Fake news may be fake for various reasons:  by accident, through carelessless, or through its gradual distortion as it spreads and is repeatedly relayed to the point of becoming online rumour.  It can also be intentional without being politically motivated, either because it’s a hoax or because it’s a source of income.  There’s a risk of information in the digital space giving a comparative advantage to the most sensational content, which is consequently liable to be picked up and widely shared, with the advantage this represents for advertisers.  Likes, retweets and shares pay.  And they generally pay well.

 

Fake news can also be issued for malicious purposes – this was mentioned earlier at a round table I attended – to compromise the online reputation of a person, group or business.  The rise of conspiracy theories is one of its most worrying manifestations.

But the most serious case is when fake news is part of a comprehensive strategy, an action with strategic significance aimed at destabilizing institutions themselves by targeting a population.  Here the term “fake news” is inappropriate and insufficient;  it must be replaced by the term “manipulation of information”, which I propose to define on the basis of three criteria.  Firstly, it’s an orchestrated campaign involving both state and non-state actors.  Secondly, it involves the widespread dissemination of deliberately-fabricated fake or biased news, which spreads virally because it’s automated and coordinated.  Thirdly, this strategic action has a hostile political objective:  to dominate, interfere with and destabilize the populations, institutions and states targeted, in order to influence their choices and undermine the autonomy of their decisions and the sovereignty of their institutions.

 

The complexity of these tactics has to be clearly grasped.  Campaigns of this kind combine both real and distorted information, as well as exaggerated facts and entirely made-up news stories.  They’re sometimes based on information obtained fraudulently, as was the case with the hacking of Emmanuel Macron’s campaign messages or, before that, of the Democratic Party’s servers in the United States.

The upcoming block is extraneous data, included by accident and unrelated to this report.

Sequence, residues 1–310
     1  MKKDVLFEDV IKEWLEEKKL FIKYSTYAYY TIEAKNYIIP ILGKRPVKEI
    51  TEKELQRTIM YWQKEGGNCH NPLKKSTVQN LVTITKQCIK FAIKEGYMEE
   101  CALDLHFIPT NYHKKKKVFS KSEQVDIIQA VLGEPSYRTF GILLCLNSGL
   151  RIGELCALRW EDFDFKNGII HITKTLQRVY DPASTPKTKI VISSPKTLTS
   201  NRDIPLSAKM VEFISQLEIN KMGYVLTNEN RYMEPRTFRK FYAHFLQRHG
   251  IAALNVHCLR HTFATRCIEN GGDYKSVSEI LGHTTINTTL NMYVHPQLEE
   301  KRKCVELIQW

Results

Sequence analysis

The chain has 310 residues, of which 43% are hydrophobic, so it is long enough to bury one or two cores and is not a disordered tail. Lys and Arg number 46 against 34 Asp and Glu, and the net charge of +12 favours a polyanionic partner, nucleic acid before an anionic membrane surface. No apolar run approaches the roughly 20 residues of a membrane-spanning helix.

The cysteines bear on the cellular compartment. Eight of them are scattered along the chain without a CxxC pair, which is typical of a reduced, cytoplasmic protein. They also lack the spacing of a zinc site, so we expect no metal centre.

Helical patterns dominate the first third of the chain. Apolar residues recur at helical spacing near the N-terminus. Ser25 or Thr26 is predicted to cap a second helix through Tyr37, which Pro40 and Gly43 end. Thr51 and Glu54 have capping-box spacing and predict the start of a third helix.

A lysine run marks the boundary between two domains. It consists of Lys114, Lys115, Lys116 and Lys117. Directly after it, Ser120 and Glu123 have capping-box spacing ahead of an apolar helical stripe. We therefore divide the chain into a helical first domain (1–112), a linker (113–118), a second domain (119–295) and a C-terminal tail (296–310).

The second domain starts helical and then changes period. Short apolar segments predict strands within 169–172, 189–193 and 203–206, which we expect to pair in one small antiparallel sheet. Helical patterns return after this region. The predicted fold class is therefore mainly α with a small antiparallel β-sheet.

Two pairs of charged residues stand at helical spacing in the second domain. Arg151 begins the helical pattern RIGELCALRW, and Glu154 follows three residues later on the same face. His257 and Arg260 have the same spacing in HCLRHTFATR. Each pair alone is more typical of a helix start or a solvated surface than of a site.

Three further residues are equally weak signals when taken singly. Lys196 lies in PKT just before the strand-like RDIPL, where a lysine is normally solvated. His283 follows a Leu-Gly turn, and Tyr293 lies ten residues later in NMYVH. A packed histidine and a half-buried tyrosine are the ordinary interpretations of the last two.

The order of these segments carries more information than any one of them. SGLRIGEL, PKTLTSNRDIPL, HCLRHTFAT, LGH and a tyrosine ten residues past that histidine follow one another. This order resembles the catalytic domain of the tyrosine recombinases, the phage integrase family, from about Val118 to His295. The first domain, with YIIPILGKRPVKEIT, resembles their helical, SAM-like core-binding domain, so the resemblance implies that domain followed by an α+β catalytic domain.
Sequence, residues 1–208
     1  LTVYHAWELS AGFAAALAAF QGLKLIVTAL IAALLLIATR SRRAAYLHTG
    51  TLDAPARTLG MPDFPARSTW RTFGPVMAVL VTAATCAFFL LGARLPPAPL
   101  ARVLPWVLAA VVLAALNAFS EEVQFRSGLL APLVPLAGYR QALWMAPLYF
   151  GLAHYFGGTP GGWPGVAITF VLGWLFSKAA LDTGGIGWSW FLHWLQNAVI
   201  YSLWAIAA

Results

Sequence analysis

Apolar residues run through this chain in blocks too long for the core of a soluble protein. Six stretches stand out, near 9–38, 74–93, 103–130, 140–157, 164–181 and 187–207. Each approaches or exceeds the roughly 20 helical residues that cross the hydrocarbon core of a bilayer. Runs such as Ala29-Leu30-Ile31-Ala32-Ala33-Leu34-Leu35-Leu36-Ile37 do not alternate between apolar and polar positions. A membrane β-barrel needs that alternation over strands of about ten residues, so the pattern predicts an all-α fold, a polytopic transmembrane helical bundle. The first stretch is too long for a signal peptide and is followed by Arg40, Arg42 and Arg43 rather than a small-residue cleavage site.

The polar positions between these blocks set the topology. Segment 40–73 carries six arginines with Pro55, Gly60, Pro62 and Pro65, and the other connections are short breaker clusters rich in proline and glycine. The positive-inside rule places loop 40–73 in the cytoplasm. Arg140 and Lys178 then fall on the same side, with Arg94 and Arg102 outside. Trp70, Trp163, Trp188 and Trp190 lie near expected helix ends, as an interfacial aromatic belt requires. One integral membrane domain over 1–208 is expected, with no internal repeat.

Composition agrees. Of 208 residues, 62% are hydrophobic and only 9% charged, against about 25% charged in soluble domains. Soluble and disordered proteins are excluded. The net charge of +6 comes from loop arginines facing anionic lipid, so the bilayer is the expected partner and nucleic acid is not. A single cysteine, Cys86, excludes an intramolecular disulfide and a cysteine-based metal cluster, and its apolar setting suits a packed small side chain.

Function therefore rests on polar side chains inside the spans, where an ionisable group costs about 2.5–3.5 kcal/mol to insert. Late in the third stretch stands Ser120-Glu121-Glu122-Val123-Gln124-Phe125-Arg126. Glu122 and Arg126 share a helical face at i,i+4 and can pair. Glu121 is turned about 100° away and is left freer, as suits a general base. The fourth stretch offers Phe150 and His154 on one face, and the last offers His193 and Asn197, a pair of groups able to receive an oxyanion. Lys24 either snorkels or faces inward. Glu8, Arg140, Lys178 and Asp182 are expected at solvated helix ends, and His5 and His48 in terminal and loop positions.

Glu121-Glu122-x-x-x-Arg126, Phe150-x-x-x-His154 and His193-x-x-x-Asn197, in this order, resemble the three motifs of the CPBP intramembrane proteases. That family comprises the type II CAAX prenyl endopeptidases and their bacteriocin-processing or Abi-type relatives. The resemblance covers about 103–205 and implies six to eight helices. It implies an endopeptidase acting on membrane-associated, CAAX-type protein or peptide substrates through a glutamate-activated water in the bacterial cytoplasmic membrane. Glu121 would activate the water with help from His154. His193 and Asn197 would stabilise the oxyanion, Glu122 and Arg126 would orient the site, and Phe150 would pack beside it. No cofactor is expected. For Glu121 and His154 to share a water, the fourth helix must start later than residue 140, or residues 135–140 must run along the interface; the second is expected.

These campaigns begin on social media with an increasingly sophisticated system of automated amplification enabling the information to spread virally.  Very often, the speed at which it spreads is also an interesting indication of the phenomenon’s orchestrated and automated nature.

 

But the most sophisticated strategies consist in creating a source of information which is reliable in nearly all cases, through the methods I highlighted, in order to render fake news credible when the time comes.  The “laundering” of this counterfeit online currency of invented news, disseminated and then relayed by authorities, legitimizes them in the public’s eyes.

 

As Defence Minister I had to handle these types of attacks – because they are attacks – when false accusations of harm to civilians were issued by Daesh [so-called ISIL], then relayed by the Syrian regime and finally reported in the press on an equal footing with the coalition’s denials.  I knew this was fake, because no French planes were flying to the place concerned and the photos used were of a Syrian air force bombardment.  But the principle of solidarity inherent in any military coalition prohibited me from issuing denials separately from my allies.  And that very solidarity was tested by this manipulation.

 

Disinformation Campaigns

 

For several years, a veritable disinformation industry – and a low-cost one, incidentally – has been organized and financed, with its troll farms and systems of bots.  There’s nothing accidental about the targeting of democratic societies during election processes.  It’s a time when the public arena is under the highest tension, political passions are being fully played out and the polarization of public opinion consequently provides the greatest room for exploitation.  This same objective leads the people organizing those campaigns to choose certain especially sensitive issues in order to increase divisions within the social fabric.